When you’re shopping online, make sure you explore all your options relating to discounts. Insurance companies give discounts for such things as a good driving record, your car’s safety or security equipment, and certain professions or professional associations. Some companies are now offering lower rates if you enroll in “pay as you drive” plans. Some will give considerable discounts for young drivers in the family who have high grade-point averages. (You can use this as an incentive to your teen drivers and offer to share the savings with them.) Also, consider using the same insurance company for home and auto policies. That will usually get you a better price.

Step 7: Review the Policy Before You Sign

When you’re done your research and zeroed in on a company, read over the main points of the policy. In addition to confirming that it contains the coverage you’ve requested and priced, it’s a good idea to find out if the policy states that “new factory,” “like kind and quality” or “aftermarket parts” may be used for body shop repairs. If the policy has such a prerequisite, think hard about whether this is the company for you, particularly if you own a relatively new car that you plan to keep for a while. In this case, it’s best to know at the outset that the insurer will pay for original manufacturer parts, rather than try to fight later when you have a claim.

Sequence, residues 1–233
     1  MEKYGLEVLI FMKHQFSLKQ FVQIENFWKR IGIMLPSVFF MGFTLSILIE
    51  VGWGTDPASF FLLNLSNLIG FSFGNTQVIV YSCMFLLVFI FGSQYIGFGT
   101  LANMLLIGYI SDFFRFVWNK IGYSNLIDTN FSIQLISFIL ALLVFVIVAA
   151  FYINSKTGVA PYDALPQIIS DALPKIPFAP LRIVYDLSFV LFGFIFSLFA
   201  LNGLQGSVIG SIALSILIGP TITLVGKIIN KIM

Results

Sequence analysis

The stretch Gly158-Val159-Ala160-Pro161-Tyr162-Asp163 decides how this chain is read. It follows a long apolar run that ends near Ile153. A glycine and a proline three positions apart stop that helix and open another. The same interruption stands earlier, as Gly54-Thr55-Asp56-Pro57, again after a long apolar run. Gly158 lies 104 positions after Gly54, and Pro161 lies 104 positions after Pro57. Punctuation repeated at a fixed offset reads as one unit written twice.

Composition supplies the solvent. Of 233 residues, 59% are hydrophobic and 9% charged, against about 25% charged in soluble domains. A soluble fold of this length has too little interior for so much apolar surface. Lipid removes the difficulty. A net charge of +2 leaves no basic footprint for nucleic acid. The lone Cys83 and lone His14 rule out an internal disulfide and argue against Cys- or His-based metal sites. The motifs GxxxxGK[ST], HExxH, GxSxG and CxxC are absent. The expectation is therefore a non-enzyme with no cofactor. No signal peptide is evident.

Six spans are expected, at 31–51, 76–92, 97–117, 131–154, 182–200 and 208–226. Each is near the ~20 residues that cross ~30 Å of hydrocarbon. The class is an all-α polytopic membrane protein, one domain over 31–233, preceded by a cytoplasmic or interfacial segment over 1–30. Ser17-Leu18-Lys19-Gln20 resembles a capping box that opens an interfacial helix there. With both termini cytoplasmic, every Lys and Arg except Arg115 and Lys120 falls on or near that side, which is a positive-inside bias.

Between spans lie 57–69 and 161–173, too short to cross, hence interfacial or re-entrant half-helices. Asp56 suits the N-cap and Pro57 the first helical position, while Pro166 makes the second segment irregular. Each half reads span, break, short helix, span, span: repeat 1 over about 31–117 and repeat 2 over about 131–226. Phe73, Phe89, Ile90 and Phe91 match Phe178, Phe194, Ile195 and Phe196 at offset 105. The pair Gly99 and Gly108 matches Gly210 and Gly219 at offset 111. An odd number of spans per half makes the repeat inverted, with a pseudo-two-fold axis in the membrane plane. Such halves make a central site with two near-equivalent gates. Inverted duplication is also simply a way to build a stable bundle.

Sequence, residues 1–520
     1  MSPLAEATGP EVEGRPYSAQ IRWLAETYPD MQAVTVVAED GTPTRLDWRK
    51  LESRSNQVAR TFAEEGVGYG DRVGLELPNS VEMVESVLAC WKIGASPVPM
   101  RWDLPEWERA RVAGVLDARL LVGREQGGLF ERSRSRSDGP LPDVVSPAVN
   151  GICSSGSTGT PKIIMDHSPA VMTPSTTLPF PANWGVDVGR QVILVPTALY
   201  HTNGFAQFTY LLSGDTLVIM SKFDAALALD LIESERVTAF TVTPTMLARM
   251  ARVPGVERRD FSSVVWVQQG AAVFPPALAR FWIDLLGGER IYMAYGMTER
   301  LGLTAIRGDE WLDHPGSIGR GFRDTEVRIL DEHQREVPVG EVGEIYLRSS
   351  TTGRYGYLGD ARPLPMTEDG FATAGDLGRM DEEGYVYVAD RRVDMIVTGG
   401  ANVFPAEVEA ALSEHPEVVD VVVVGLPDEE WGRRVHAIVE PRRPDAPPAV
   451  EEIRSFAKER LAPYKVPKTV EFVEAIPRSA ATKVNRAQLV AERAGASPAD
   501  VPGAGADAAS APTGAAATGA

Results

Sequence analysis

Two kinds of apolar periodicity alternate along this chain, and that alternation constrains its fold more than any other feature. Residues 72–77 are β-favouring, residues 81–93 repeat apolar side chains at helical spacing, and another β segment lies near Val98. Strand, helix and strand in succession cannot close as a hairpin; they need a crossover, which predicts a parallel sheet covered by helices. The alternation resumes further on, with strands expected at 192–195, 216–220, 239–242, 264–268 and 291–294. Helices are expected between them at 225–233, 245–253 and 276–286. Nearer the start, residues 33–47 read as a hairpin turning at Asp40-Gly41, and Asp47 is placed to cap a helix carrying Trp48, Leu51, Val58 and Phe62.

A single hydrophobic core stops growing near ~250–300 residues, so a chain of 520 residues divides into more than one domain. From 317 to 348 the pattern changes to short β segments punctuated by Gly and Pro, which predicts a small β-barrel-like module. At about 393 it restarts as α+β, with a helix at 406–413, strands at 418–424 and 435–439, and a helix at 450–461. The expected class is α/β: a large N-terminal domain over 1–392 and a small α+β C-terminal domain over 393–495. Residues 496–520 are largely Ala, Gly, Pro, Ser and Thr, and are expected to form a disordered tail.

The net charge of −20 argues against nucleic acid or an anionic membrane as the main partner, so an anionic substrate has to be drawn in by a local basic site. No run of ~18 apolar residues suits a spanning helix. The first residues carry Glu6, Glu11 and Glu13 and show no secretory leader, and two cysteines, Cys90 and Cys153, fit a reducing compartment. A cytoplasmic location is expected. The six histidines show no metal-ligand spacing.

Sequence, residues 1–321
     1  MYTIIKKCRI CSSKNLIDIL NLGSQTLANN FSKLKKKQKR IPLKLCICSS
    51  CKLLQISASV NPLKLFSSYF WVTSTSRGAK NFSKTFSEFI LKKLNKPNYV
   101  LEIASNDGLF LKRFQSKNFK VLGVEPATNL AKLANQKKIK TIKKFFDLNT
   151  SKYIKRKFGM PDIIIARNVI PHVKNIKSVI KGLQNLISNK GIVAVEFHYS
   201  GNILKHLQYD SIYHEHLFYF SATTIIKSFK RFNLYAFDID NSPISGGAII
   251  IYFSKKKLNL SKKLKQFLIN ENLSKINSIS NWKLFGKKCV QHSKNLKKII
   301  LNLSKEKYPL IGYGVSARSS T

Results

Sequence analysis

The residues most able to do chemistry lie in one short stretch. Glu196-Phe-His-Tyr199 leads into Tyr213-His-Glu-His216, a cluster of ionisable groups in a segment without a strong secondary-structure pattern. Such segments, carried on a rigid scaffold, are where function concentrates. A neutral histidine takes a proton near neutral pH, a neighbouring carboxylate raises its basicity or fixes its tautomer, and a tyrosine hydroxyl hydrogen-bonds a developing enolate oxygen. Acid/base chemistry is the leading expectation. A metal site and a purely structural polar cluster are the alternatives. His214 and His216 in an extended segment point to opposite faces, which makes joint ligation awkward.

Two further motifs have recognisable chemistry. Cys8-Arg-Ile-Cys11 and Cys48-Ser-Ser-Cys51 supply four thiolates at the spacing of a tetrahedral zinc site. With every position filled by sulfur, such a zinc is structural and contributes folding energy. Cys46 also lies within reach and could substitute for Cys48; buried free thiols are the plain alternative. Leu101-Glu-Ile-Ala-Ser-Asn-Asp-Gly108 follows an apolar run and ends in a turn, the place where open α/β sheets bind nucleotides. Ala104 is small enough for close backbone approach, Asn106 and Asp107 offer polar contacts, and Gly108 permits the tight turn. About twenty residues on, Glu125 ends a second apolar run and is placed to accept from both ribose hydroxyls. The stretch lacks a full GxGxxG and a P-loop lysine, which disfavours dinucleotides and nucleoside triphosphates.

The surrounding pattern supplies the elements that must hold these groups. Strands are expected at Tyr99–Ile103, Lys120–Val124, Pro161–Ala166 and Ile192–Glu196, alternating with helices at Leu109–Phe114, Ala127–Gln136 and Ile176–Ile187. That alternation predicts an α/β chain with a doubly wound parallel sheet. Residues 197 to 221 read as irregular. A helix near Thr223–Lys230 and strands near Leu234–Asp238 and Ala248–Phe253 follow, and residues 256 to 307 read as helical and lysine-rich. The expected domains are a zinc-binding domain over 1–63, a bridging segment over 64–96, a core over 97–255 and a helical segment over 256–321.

Step 8: Cancel Your Old Policy; Carry Your Proof

After you have secured the auto insurance policy you want, cancel coverage with your existing insurance company. If your state requires you to carry proof of insurance, make sure you put the card in your wallet or the glove compartment of your car.

Finally, here’s a quick checklist to keep you on track:

• Determine your state’s minimum insurance requirements.
• Consider your own financial situation in relation to the required insurance and consider whether you need to increase your limits to protect your assets.
• Review the status of your driving record — do you have any outstanding tickets or points on your driver’s license?
• Check your current coverage to find out how much you are paying.
• Get competing quotes from Internet insurance Web sites and individual companies of interest to you.
• Inquire about discounts.
• Evaluate the reliability of the insurance companies you’re considering by visiting your state’s insurance department Web site, reviewing consumer surveys, and talking to family and friends.
• Review the policy before finalizing it. Remember to cancel your old policy.

Again, we at Insurance Professionals, are here for you, give us a call, send an email, or stop in and we will look for the best rate possible for you and your family or business!